“Come in, come in, David and Jonathan,—I mean William and Augustus!” greeted Professor Gray. “Find chairs, boys. I’m glad you’ve come. Now, then, exactly in nine minutes the lecture starts and it will interest you. The announcement, as sent out yesterday, makes the subject the life and labors of the great scientist and inventor, Thomas Alva Edison, and it begins with his boyhood. Don’t you think that a fitting subject upon an occasion where electricity is the chief factor? But before the time is up, let me say a few words concerning our little boxed instrument here, out of which will come the words we hope to hear. Some of you, I think, have become pretty familiar with this subject, but for those who have not given much attention to radio, I will briefly outline the principles upon which these sounds we shall hear are made possible.
“It would seem that our earth and atmosphere,” continued the Professor, “and all of the universe, probably, is surcharged with electrical energy that may be readily set in motion through the mechanical vibrations of a sensitive diaphragm much as when one speaks into a telephone. This motion is transmitted in waves of varying intensity and frequency which are sent into space by the mechanism of the broadcasting station, which consists of a sound conducting apparatus induced by strong electrical currents from generators or batteries and extensive aerial or antennas wires high in the air. Thus sound is converted into waves, and the receiving station, as you see here, with its aerial on the roof, its detector, its ’phone and its tuner, gets these waves and turns them again into sound. That is the outline of the thing, which you will understand better ‘after’ than ‘before using.’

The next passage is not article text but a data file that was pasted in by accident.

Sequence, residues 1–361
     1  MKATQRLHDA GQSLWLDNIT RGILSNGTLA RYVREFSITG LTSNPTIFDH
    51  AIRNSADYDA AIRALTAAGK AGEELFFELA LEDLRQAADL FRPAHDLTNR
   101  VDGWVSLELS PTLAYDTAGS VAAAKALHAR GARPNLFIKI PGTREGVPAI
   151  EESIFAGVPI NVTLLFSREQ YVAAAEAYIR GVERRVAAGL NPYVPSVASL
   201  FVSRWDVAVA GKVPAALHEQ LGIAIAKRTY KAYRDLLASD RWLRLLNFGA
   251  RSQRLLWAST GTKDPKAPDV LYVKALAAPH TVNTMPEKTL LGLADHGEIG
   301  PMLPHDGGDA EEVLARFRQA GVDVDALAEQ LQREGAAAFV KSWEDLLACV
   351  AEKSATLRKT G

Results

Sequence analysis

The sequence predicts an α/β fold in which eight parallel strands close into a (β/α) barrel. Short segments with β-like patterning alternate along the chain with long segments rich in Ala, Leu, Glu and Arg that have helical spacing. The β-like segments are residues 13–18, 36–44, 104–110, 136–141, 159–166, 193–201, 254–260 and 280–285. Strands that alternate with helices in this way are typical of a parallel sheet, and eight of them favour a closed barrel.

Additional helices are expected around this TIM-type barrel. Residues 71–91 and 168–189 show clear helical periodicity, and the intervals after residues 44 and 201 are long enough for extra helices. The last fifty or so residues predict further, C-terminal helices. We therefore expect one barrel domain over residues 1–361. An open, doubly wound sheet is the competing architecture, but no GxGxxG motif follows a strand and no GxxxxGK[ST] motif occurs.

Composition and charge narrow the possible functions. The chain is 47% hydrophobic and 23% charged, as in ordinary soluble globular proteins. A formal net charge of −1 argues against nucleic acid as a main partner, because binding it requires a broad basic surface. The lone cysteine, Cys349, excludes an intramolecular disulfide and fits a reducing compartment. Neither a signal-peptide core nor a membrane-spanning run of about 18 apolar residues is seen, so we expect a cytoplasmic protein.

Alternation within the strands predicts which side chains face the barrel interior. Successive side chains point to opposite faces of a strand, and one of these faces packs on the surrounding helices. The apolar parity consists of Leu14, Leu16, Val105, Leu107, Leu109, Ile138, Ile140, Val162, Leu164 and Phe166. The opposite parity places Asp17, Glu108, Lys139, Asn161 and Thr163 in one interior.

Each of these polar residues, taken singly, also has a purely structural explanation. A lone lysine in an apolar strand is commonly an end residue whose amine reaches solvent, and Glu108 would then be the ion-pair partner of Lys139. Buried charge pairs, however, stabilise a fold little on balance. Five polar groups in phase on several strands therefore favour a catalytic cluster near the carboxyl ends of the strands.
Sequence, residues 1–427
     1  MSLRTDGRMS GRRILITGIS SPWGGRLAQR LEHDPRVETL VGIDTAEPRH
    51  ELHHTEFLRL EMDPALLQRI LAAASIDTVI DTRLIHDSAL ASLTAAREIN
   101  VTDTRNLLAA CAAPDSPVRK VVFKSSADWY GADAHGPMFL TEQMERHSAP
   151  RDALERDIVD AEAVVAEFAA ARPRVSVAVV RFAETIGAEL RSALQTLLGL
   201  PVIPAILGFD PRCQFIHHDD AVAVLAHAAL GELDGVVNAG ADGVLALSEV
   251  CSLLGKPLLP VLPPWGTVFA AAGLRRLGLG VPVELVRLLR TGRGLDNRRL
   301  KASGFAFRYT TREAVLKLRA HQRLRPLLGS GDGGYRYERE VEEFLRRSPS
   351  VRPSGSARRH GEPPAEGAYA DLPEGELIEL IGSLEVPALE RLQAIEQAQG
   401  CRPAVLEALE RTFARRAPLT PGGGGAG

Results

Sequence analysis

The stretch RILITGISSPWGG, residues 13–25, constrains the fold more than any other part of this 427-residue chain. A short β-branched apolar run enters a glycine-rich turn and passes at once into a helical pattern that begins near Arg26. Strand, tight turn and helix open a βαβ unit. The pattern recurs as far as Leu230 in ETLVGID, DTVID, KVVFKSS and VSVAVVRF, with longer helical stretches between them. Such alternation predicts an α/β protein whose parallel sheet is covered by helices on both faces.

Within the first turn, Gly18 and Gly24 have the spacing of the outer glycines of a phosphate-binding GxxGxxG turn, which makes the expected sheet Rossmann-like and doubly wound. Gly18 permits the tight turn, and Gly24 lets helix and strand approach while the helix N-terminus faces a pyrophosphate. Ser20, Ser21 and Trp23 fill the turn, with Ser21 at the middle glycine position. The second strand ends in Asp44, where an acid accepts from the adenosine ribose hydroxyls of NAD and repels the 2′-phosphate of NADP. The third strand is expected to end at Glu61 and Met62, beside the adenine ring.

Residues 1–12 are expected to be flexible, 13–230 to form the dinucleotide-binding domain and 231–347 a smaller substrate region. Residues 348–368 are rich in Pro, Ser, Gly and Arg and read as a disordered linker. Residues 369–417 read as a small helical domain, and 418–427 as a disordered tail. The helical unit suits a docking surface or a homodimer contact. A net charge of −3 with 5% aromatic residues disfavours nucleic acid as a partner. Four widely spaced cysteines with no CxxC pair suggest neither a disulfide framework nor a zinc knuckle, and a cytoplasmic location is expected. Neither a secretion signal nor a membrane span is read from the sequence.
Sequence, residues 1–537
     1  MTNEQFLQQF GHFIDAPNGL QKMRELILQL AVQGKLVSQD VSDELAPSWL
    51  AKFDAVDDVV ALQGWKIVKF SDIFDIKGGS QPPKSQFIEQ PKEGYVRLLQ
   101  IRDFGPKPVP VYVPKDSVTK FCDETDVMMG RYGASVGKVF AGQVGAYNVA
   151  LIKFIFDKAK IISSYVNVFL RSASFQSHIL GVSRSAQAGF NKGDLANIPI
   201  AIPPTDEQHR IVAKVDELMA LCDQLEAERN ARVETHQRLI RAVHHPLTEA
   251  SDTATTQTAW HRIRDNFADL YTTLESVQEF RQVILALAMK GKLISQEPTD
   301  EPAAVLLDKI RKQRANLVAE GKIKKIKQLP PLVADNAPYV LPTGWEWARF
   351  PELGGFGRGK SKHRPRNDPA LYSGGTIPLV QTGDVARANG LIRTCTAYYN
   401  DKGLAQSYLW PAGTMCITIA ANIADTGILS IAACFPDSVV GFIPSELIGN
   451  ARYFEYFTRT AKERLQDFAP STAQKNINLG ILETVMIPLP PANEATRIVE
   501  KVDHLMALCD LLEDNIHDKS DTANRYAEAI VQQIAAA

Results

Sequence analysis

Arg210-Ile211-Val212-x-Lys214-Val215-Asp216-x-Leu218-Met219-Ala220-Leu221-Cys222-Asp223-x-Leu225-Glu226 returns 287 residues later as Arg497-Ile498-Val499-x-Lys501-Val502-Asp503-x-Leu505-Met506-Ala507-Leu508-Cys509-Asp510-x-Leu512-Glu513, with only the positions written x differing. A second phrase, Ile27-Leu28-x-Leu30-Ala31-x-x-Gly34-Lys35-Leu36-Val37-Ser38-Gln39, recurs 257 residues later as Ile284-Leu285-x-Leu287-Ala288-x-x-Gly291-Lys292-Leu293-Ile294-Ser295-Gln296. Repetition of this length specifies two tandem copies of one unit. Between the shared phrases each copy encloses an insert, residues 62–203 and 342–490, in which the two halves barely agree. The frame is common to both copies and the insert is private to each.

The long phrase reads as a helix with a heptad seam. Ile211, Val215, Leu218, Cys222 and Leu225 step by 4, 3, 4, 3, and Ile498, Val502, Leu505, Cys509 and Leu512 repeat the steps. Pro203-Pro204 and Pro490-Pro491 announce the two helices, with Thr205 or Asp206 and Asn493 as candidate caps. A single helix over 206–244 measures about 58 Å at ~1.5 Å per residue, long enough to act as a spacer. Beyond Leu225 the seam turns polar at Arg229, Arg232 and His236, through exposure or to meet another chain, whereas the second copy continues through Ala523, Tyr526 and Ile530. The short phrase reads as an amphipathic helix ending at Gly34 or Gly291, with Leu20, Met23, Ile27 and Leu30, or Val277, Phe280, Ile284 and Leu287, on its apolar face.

“The technical construction of the radio receiving set is neither difficult nor expensive; it is described fully in several books on the subject and I shall be glad to give any of you hints on the making and the operation of a receiving set. The ’phone receivers and the crystal detector will have to be purchased as well as some of the accessories, such as the copper wire, pulleys, battery, switches, binding posts, the buzzer tester and so forth. With proper tools and much ingenuity some of these appliances may be home-made.
“The making of the tuner, the wiring, the aerial and the assembling are all technicalities that may be mastered by a careful study of the subject and the result will be a simple and inexpensive set having a limited range. With more highly perfected appliances, as a vacuum, or audion tube, and an aerial elevated from sixty to over a hundred feet, you may receive radio energy thousands of miles away.
“Now, this talk we are about to hear comes to us from the broadcasting station WUK at Wilmerding, a distance of three hundred miles, and this outfit of mine is such as to get the words loudly and clearly enough to be audible through a horn. The talks are in series; there have been three on modern poets, two on the history of great railroad systems and now this will be the first of several on great inventors, beginning with Edison, in four parts. The next will be on Friday and I want you all to be here. Time is up; there will be a preliminary-ah, there it is: a cornet solo by Drake.”